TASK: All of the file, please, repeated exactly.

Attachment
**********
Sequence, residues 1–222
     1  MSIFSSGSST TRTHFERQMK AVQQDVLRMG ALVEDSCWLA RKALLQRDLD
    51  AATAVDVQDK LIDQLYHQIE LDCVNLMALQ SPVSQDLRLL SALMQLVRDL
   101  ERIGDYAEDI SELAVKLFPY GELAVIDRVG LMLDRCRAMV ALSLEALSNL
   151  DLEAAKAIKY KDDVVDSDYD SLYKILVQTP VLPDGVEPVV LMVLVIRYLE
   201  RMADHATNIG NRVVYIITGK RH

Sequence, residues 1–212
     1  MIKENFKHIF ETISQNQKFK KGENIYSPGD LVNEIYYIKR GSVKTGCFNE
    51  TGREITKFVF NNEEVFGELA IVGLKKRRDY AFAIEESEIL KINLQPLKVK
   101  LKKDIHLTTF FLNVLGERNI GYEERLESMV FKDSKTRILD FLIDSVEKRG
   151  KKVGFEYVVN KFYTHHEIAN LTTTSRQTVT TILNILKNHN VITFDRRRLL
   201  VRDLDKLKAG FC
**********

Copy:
Sequence, residues 1–222
     1  MSIFSSGSST TRTHFERQMK AVQQDVLRMG ALVEDSCWLA RKALLQRDLD
    51  AATAVDVQDK LIDQLYHQIE LDCVNLMALQ SPVSQDLRLL SALMQLVRDL
   101  ERIGDYAEDI SELAVKLFPY GELAVIDRVG LMLDRCRAMV ALSLEALSNL
   151  DLEAAKAIKY KDDVVDSDYD SLYKILVQTP VLPDGVEPVV LMVLVIRYLE
   201  RMADHATNIG NRVVYIITGK RH

Sequence, residues 1–212
     1  MIKENFKHIF ETISQNQKFK KGENIYSPGD LVNEIYYIKR GSVKTGCFNE
    51  TGREITKFVF NNEEVFGELA IVGLKKRRDY AFAIEESEIL KINLQPLKVK
   101  LKKDIHLTTF FLNVLGERNI GYEERLESMV FKDSKTRILD FLIDSVEKRG
   151  KKVGFEYVVN KFYTHHEIAN LTTTSRQTVT TILNILKNHN VITFDRRRLL
   201  VRDLDKLKAG FC